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Jones v. Safeway, Inc.

United States District Court, D. Maryland

December 3, 2014

MARIA JONES Plaintiff,
SAFEWAY, INC., Defendant.



In December 2012, Maria Jones filed suit against her employer, Safeway, Inc. ("Safeway"), alleging discrimination in employment. ECF 1. Plaintiff alleged, inter alia, that she had received a right to sue letter from the Equal Employment Opportunity Commission ("EEOC") with respect to a charge of discrimination that she filed in February 2012. Plaintiff subsequently amended her suit on several occasions. The Second Amended Complaint, filed in May 2014 (ECF 42), pursuant to a Consent Motion (ECF 40), and with leave of court (ECF 41), is the operative Complaint. The Second Amended Complaint, predicated on Title VII of the Civil Rights Act of 1964, as amended, 42 U.S.C. § 2000(e) et seq. ("Title VII"), and Maryland law, added allegations pertaining to a second charge of discrimination filed by Ms. Jones with the EEOC in October 2014.[1] Jones claimed she received a demotion that was "causally linked to [her] protected activity of filing her discrimination lawsuit in December 2012...." ECF 42 ¶ 17.

As amended, the suit contains three remaining claims. In particular, Count One alleges retaliation, in violation of Title VII; Count Two alleges retaliation under Maryland statutory law; and Count Three alleges race discrimination/disparate treatment, in violation of Title VII.[2]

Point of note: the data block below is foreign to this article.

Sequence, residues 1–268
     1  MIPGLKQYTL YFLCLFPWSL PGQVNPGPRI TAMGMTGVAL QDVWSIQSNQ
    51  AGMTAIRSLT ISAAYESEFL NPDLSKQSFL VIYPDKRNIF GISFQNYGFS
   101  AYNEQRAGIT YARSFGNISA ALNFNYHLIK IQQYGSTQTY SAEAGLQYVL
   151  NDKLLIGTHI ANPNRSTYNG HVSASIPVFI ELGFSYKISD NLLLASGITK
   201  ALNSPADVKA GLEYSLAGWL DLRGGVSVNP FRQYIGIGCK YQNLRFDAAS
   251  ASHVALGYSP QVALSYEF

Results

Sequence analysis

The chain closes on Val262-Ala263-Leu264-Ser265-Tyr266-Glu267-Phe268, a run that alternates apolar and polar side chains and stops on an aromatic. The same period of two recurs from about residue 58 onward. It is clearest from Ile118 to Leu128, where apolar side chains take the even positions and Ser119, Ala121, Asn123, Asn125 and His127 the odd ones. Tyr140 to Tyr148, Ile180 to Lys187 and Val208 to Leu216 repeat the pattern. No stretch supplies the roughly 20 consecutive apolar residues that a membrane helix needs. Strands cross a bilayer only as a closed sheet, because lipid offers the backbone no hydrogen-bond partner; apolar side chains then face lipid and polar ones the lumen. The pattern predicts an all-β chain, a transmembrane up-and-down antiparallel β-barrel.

On October 1, 2014, Safeway filed a "Motion To Dismiss And For Protective Order To Stay Proceedings" (the "Motion"), pursuant to Rules 12(b)(1), 12(b)(6), and 26(c) of the Federal Rules of Civil Procedure (ECF 56). The Motion is supported by a memorandum (ECF 56-1) and several exhibits.

In the Motion, Safeway complains that on September 30, 2014, during plaintiff's deposition, it learned for the first time that in June 2014 plaintiff filed a Voluntary Petition for Bankruptcy ("Voluntary Petition") in the District of Maryland under Chapter 7, captioned In re Maria Faye Jones, Case 14-20116. See ECF 56-3, Safeway Ex. 2 at 1-7 (Voluntary Petition). By the time of plaintiff's deposition on September 30, 2014, plaintiff's bankruptcy case had already been closed. Although the Voluntary Petition was filed through counsel and under penalty of perjury, id. at 5, 32, plaintiff failed to disclose her Title VII lawsuit in her Voluntary Petition, as required. Safeway Exh. 2 at 9-11 (Schedule B). Nor did plaintiff list the pending lawsuit in her Statement Of Financial Affairs. Safeway Exh. 2 at 25-26. Therefore, Safeway maintains that plaintiff lacks standing to pursue her discrimination claim.

Plaintiff opposes the Motion ("Opposition, " ECF 58) and has filed a memorandum in support of her position, ECF 58-1, along with an Affidavit, ECF 58-2. Safeway has replied ("Reply, " ECF 59).

No hearing is necessary to resolve the Motion. See Local Rule 105.6. For the reasons stated below, I will deny the Motion, without prejudice to Safeway's right to renew its Motion, as set forth herein.

Factual and Procedural Background

As noted, plaintiff filed a Chapter 7 Voluntary Petition during the pendency of her Title VII case against Safeway. The Voluntary Petition was filed through counsel and under penalty of perjury. ECF 56-3 at 5, 32. The attorney for the bankruptcy filing is not the attorney representing plaintiff in the Title VII case.